Monday was an unusual day for those of us who live in the Atlanta area. We all hunkered down and waited for Hurricane Irma to make her way to us. By the time she arrived, Irma had become a Tropical Storm, but she still had some power to her. She brought wind gusts of 35-40 miles per hour and rain, lots and lots of rain.

Schools, government offices, and businesses shut down on Monday. Like most other folks, I was home–waiting, listening, praying. To take my mind off the swaying of those really tall pine trees in my backyard, I read writings by seventeenth- and eighteenth-century Baptist women (what else would a Baptist historian read during a Tropical Storm event?)

Among those writings was a treatise by Katherine Sutton, a Baptist who lived in England during the reign of King Charles II. It wasn’t a particularly pleasant time to be a Baptist given that the English Parliament was busy passing acts designed to limit religious freedom and oppress dissenters. In 1660, Sutton finally fled to Holland, and three years later she published a treatise titled “Christian Womans Experiences of the Glorious Workings of God’s Free Grace.” I read this treatise on Monday as I listened to the strong winds blow, and I was struck especially by a question Sutton raised, one that had come to her during a sermon: “Why doth God sometimes seem to leave his own people?”

Katherine Sutton, a Baptist woman who lived 350 years ago, wrote down these words that I have been feeling, thinking, pondering in the past few weeks. The destructive forces that have swept across our country–hurricanes, floods, and fires–have left me wondering in my darkest moments whether God has taken leave of us, if God is anywhere to be found.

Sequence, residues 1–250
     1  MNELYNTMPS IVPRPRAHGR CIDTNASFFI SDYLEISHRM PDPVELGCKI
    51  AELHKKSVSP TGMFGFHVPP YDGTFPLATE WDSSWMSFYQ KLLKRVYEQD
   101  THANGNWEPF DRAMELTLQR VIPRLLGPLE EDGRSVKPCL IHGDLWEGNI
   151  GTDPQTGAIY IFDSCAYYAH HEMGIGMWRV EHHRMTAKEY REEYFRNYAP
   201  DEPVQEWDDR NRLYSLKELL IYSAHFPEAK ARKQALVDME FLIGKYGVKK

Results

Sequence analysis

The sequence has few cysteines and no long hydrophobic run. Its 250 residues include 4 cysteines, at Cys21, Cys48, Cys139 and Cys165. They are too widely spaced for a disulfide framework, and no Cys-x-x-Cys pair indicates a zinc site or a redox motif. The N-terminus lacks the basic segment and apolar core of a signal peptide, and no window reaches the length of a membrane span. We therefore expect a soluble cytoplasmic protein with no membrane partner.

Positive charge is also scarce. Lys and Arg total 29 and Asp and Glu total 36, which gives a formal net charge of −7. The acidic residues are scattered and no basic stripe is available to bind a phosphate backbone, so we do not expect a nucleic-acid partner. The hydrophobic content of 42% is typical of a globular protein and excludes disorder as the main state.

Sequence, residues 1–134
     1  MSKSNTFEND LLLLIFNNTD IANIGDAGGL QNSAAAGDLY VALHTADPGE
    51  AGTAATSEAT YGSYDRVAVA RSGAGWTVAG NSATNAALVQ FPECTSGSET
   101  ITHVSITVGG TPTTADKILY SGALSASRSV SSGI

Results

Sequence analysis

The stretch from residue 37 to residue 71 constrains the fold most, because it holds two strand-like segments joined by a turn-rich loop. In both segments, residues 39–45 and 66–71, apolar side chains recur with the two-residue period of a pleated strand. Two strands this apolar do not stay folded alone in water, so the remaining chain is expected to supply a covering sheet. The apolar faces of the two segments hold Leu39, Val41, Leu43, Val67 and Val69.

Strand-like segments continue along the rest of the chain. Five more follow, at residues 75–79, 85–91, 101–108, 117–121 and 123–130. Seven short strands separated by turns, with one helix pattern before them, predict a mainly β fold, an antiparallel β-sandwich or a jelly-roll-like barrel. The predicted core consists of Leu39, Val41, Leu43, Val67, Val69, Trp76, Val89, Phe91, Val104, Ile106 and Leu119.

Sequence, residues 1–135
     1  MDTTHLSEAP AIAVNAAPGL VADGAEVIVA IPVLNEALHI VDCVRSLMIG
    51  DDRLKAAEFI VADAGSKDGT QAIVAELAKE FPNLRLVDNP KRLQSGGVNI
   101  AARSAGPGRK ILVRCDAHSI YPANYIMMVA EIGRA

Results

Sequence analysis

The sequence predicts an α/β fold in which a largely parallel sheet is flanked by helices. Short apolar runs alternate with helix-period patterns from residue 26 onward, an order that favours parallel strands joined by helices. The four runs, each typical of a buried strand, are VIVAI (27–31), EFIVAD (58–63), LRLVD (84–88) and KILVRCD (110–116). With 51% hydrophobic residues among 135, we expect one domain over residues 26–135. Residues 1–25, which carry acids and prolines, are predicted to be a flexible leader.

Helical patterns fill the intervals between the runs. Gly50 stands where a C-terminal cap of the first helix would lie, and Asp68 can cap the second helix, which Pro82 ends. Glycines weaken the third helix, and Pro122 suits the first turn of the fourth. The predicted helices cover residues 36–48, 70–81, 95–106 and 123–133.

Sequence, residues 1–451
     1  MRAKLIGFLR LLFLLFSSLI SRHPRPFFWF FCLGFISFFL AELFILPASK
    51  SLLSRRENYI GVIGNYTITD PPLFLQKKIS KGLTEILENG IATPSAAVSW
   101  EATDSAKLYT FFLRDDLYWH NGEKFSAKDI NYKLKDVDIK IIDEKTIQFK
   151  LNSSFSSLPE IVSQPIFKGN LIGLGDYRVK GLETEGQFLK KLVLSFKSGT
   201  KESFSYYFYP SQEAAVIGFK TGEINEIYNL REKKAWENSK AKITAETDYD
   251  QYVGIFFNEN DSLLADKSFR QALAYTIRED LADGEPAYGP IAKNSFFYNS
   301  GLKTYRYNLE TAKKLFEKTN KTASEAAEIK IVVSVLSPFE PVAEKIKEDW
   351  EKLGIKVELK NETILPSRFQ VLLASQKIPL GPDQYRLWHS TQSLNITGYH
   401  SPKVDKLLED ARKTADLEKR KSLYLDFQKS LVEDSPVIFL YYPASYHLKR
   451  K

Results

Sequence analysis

Sutton did not provide much of an answer to the question, but that she gave thought to the question and included it in her writing was in an odd way comforting for me. I felt less alone on a dark Monday, knowing that women of faith and men of faith from across the centuries have, like me, struggled to feel and know God’s presence on their hardest of days. I am not the first to wonder why God seems so far away, and I won’t be the last. I join with a whole company of the faithful who have expressed such doubt.

On Tuesday, Tropical Storm Irma left us. She stayed about twenty-four hours and made her departure. She was kinder to Atlanta than she was to the Caribbean or to Florida, but she did gift us with power outages and downed trees. She also gifted us with new stories: stories of neighbors and strangers who showed up with chainsaws to help, stories of family and friends who called, texted, and sent messages of concern and hope, and stories of a God who showed up for some of us even while we were asking where God was.

On Monday, God showed up for me in the midst of my doubt. Two Texas friends, friends who experienced the worst of Hurricane Harvey and are still experiencing the worst of Harvey, took time to check on me and send their love. And suddenly God didn’t seem so far away after all.

Pam Durso is executive director of Baptist Women in Ministry, Atlanta, Georgia.